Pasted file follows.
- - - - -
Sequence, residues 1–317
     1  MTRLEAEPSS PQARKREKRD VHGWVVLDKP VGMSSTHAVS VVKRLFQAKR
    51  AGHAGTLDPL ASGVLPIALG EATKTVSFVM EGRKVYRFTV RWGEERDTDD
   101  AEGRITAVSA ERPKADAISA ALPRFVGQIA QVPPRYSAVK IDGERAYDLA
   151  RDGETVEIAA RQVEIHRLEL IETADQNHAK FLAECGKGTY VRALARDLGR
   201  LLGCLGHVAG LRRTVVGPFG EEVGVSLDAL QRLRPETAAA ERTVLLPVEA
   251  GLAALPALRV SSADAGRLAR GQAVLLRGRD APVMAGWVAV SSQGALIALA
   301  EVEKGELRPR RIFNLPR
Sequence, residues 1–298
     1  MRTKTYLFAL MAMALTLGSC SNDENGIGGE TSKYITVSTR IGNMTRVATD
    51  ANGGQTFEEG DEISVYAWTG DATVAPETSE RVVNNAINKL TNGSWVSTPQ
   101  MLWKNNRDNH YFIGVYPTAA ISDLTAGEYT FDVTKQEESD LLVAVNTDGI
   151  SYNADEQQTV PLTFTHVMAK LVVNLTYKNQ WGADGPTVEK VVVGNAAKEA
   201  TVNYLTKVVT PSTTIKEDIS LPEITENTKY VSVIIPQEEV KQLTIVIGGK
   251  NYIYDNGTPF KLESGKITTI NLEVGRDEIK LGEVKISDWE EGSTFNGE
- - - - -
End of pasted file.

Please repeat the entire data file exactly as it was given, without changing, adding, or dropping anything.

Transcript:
Sequence, residues 1–317
     1  MTRLEAEPSS PQARKREKRD VHGWVVLDKP VGMSSTHAVS VVKRLFQAKR
    51  AGHAGTLDPL ASGVLPIALG EATKTVSFVM EGRKVYRFTV RWGEERDTDD
   101  AEGRITAVSA ERPKADAISA ALPRFVGQIA QVPPRYSAVK IDGERAYDLA
   151  RDGETVEIAA RQVEIHRLEL IETADQNHAK FLAECGKGTY VRALARDLGR
   201  LLGCLGHVAG LRRTVVGPFG EEVGVSLDAL QRLRPETAAA ERTVLLPVEA
   251  GLAALPALRV SSADAGRLAR GQAVLLRGRD APVMAGWVAV SSQGALIALA
   301  EVEKGELRPR RIFNLPR
Sequence, residues 1–298
     1  MRTKTYLFAL MAMALTLGSC SNDENGIGGE TSKYITVSTR IGNMTRVATD
    51  ANGGQTFEEG DEISVYAWTG DATVAPETSE RVVNNAINKL TNGSWVSTPQ
   101  MLWKNNRDNH YFIGVYPTAA ISDLTAGEYT FDVTKQEESD LLVAVNTDGI
   151  SYNADEQQTV PLTFTHVMAK LVVNLTYKNQ WGADGPTVEK VVVGNAAKEA
   201  TVNYLTKVVT PSTTIKEDIS LPEITENTKY VSVIIPQEEV KQLTIVIGGK
   251  NYIYDNGTPF KLESGKITTI NLEVGRDEIK LGEVKISDWE EGSTFNGE